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You’ll never make it with that piece of junk

Rosie the Peugeot 504 – what happened next

21/06/2013 08:23 |  Comments: 


Former car restorer, damper designer, rotary-engine guru and also an automotive engineer, but generally doesn’t talk much about his former activities. András is our mag’s Leatherman tool: when there’s a project no-one would poke with a stick, he’s the one usually assigned to carry it through. When he’s in Hungary, he works 16 hours daily, then every once in a while he disappears from the horizon. Last time he’s been seen in Auckland… Has a huge garage, lives with a girlfriend.

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  • Peugeot 504 'Rosie' (1972)
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  • Yamaha FZR1000 Genesis (1988)
What a day! I'm checking out my new ride. I hope it won't disappoint me. After all, it's a 40 year old Peugeot, so what can go wrong?

I immediately felt sorry for her, as I recognized her in the bush next to the side road. She's not too ugly. Looks almost like a car. Compared to what I remembered, she's quite all right. Maybe I should expect a horrible wreck every time I go buying a car, then I'd be delighted to see even a half-dead zombie.

This is the story how I brought home my Peugeot 504, bought on the telephone. If you're curious how I got to know Rosie, don't miss the first part .

There are numerous spots where the thick paint and putty is peeling off, but I can't see any huge holes. The interior is not very tasteful, but it used to be blue once and the carpet plus the door panels are still original and in good shape. I quickly start a list in my head beginning with a dash and seats; from there I proceed to the engine bay. There it is, the good old XD2 engine, topped with a frightening, big blue Bosch-glow plug relay, and some jelly in the transparent fuel filter. “Furnace oil from the power-plant,” the guy delegated to sell the car informs us, so we skip this part and hang the feeding pipe directly into the fuel can we brought with us.

Meanwhile my friend Imi, whom I asked to come and stop me from doing stupid things like buying a corpse, gets the carpets out: underneath, the floor-pan seems to be okay. We find out that there is a home-made tank in the back of the car - the Serbian border is close and fuel is cheaper there - and that my extra thick jump start cable is not enough to get her running. After half a minute we have her towed around the farm through some hens, followed by a sheep dog, and on the main road we release the clutch.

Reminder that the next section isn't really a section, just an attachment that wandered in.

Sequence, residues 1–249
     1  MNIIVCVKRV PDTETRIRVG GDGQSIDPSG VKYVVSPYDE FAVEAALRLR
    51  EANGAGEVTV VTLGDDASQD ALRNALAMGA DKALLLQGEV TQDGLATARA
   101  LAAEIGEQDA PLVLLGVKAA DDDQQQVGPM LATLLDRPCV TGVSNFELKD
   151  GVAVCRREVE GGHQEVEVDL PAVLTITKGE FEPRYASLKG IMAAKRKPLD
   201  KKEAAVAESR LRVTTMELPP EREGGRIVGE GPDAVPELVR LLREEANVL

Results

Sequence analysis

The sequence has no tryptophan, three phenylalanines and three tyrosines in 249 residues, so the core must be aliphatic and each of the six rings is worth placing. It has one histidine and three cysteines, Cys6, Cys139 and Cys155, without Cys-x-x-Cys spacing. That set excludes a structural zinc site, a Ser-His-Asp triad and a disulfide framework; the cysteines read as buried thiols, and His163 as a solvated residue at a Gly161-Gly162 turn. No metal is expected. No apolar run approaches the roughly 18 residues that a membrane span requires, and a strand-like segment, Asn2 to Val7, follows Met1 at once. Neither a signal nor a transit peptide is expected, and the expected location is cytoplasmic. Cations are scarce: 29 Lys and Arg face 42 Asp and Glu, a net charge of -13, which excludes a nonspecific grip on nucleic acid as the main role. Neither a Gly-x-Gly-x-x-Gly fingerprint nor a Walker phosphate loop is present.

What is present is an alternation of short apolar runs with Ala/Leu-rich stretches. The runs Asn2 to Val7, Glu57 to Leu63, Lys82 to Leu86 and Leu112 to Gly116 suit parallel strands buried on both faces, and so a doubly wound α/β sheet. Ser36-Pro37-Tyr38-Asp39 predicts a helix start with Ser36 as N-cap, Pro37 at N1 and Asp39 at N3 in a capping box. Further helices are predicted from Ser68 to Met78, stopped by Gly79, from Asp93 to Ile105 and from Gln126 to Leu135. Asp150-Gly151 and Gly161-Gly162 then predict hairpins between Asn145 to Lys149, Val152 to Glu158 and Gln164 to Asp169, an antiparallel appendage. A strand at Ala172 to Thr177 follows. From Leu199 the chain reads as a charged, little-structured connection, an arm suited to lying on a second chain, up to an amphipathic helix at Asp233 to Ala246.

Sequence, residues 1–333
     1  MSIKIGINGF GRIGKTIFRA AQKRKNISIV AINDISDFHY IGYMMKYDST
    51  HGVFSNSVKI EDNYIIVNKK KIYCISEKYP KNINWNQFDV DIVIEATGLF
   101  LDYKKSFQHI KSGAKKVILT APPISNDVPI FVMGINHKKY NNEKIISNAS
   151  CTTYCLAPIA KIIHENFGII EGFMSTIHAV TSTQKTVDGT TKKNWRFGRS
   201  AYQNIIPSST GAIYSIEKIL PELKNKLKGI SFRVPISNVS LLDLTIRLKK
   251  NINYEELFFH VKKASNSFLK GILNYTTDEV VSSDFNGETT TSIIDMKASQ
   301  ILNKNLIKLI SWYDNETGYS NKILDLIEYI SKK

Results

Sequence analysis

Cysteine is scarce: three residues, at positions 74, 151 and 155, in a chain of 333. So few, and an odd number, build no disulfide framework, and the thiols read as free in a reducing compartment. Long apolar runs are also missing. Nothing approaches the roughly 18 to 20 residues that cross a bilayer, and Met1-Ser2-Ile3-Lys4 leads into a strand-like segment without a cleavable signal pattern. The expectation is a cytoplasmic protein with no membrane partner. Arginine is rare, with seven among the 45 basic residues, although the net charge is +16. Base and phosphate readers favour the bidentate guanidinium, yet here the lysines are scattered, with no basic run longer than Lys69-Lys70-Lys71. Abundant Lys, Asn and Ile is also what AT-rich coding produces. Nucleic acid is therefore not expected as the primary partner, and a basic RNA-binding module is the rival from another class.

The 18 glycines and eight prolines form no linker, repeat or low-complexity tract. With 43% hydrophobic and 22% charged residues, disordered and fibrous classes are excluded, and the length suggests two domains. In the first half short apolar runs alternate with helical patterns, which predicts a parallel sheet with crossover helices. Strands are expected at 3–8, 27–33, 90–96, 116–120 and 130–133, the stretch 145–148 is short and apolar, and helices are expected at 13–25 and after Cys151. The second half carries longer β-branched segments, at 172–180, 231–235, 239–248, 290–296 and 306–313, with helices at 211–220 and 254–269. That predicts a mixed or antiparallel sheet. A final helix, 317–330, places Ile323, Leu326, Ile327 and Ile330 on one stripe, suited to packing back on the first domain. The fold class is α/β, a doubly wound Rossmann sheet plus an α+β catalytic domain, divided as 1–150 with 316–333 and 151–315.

At first I thought it'd be a good sign to see the 504 sideways behind me, hanging on the towing rope, because that means it has some compression in the engine. But after three rounds of towing, when the cylinder head was already lukewarm and there was still no sign of combustion, I got suspicious. We verified that the fresh fuel was getting to the injectors, nevertheless somehow she didn't want to start running.

After half an hour and some collective thinking we finally opened the injection pump. It was empty so we poured in some fuel. Lo and behold, Rosie started to spit and shiver, developing huge amounts of blue smoke, then after a few seconds she stopped again. Repetition brought the same result, which was a clear sign that the injection pump is not sucking the fuel - possibly the blades of the delivery pump are stuck.

I remembered the words in running order which I've heard so many times in connection with Rosie, but then I cleared my mind — overhauling the injection pump is an afternoon's routine job for me, this minor problem shouldn't stop me from buying. It was clear that I had to come back with a very good plan to get her to Budapest, my home town, which was about 200 kilometres away, but that was no surprise.

I consulted Imi, the Wise who didn't consider me a fool for being here in late November, but he didn't talk me out of it. He thought the ride is ready for Africa, which was not a requirement, but I took it as encouragement and sealed the deal.

I'd be lying if I said that I was at one with the world after signing the contract. But it was a tremendous relief. On the way home my blood was still rushing. At home, with great pleasure I deleted the ad hunters and all the checked 504s around Europe on my computer. It had been a long time since I bought a car. I knew this one was going to be painful, but I didn't mind, the euphoria was huge.